NJPP Testimony: Benefits of Medicaid Expansion Won't Be Achieved Without Sufficient Resources

MAY 9, 2013

New Jersey Policy Perspective strongly supports S2644, which would increase the Medicaid eligibility level to 133 percent of the federal poverty level for nonelderly adults consistent with the Affordable Care Act. I’m also representing the New Jersey for Health Care coalition today which consists of over 80 organizations and is the largest health consumer coalition in the state. The coalition has been working on this issue for several years and also strongly supports this legislation. Our concern is not with the policy but rather that insufficient resources have been allocated in the governor’s budget to fully implement it.

This bill addresses a major gap in Medicaid eligibility. New Jersey has made much progress in providing Medicaid and New Jersey FamilyCare to parents and children but that is not the case with childless adults. The only way that they can become eligible for Medicaid now is if they apply and are approved for General Assistance which has a monthly income eligibility limit of $140 for an employable individual as well as many other eligibility requirements that sharply limit participation in the program. Because of this major restriction, it is estimated that about 307,000 adults will be eligible for the Medicaid expansion.

The overwhelmingly positive benefits of Medicaid coverage have been well documented. In addition to the obvious health benefits to the individual obtaining Medicaid, research released within the last week has also shown that it will help reduce financial hardship. For example a study in Oregon found that one of the biggest benefits of providing Medicaid coverage to childless adults was an 80 percent reduction in the number of individuals with catastrophic health care costs compared to those individuals in the control group. This is welcome news in New Jersey and other states where these unexpected costs too often result in bankruptcy and foreclosures.

New Jersey Policy Perspective has also released a series of reports which have shown the positive impact of expanding Medicaid in New Jersey. These reports found that:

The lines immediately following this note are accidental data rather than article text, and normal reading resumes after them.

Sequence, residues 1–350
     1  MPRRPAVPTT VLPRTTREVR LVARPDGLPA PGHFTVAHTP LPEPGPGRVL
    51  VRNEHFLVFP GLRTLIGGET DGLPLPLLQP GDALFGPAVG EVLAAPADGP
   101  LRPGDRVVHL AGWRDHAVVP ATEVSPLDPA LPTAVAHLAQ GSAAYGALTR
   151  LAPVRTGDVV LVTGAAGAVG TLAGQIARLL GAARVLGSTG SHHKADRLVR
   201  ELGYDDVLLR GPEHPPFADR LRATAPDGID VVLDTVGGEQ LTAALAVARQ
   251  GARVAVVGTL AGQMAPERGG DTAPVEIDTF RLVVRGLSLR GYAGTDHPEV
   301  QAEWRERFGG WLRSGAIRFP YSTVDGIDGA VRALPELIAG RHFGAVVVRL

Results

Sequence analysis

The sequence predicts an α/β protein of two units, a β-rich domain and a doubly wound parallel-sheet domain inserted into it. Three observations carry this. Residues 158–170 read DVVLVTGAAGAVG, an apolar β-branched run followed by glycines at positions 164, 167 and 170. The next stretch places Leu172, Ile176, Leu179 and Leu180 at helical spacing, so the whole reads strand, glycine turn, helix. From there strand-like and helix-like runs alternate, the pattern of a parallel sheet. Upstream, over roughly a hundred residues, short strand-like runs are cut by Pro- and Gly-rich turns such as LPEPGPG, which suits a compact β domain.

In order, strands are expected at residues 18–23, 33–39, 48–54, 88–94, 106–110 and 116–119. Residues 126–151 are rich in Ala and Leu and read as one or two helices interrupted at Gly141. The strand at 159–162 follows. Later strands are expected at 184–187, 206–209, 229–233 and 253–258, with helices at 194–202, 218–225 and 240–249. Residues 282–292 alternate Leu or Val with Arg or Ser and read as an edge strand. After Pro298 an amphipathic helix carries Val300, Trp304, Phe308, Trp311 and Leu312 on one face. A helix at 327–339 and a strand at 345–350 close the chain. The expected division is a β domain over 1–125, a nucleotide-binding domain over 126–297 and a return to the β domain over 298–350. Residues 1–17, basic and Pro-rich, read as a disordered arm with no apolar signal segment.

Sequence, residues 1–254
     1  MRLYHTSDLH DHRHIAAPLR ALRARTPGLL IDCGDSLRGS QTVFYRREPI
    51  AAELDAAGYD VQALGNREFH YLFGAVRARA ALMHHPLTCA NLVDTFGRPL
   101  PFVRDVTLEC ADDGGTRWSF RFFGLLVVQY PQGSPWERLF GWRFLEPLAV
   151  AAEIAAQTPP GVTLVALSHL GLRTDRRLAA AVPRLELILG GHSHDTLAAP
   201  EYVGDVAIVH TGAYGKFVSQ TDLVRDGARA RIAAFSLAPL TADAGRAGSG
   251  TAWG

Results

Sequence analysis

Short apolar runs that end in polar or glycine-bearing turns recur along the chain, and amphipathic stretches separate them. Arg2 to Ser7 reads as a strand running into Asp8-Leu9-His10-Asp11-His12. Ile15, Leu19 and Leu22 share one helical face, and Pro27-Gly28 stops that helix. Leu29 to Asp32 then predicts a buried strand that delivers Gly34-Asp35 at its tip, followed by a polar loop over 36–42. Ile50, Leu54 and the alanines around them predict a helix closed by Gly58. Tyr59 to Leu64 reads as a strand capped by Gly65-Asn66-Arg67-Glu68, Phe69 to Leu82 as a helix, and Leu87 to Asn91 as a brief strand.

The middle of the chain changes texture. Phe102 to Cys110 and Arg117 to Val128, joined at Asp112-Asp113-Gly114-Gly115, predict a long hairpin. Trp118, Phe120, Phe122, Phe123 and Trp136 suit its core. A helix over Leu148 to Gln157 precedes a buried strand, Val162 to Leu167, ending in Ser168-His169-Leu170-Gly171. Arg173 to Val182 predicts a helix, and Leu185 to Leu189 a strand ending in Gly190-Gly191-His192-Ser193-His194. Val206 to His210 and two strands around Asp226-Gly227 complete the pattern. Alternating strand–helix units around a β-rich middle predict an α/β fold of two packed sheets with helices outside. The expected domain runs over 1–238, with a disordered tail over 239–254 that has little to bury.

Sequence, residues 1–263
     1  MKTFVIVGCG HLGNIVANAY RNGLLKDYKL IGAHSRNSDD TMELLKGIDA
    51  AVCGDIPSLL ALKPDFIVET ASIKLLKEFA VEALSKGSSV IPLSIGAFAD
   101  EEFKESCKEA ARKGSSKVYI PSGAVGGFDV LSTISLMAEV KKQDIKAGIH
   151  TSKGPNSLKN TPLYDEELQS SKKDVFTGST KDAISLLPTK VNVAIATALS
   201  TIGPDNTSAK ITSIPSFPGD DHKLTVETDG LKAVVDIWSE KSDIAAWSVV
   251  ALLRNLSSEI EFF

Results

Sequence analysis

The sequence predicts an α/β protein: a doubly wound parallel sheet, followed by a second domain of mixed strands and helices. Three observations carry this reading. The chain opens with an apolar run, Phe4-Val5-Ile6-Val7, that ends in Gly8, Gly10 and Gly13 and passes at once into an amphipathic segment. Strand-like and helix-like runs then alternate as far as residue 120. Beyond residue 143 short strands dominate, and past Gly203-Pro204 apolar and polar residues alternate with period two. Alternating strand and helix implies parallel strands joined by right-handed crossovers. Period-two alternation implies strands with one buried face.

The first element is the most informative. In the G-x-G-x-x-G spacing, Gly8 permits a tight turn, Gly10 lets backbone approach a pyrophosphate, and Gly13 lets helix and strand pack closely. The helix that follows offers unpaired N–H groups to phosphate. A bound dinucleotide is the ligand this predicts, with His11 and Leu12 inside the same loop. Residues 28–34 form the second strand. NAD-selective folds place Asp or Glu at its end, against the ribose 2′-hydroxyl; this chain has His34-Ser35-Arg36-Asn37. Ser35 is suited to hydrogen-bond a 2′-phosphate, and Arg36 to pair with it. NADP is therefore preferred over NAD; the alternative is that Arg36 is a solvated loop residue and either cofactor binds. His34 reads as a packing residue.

About half of all adults eligible for the Medicaid expansion work in low-wage jobs in New Jersey and that most occupations in our state include individuals who will be eligible for the expansion.

The expansion will stimulate New Jersey’s economy because it will result in New Jersey receiving about $1.6 billion annually on average over the next decade in federal Medicaid funds which will create thousands of jobs, and it will improve the health of New Jersey’s workforce making it more competitive.

It will result in at least $2.5 billion in state savings over the next decade because the matching rate for individuals currently eligible for Medicaid will be increased to 100 percent for the first three years then gradually reduced to 90 percent on a permanent basis.

These benefits, however, are only opportunities – they will not be achieved without sufficient resources. Our main concern is that no funds were allocated in the governor’s budget for outreach, marketing, and contracts with community-based organizations to reach the uninsured and help them fill out the application. This problem is compounded by the lack of sufficient staff in our County Welfare Agencies. The research shows that about 78 percent of all individuals who are eligible for assistance in the Affordable Care Act are not aware of this opportunity.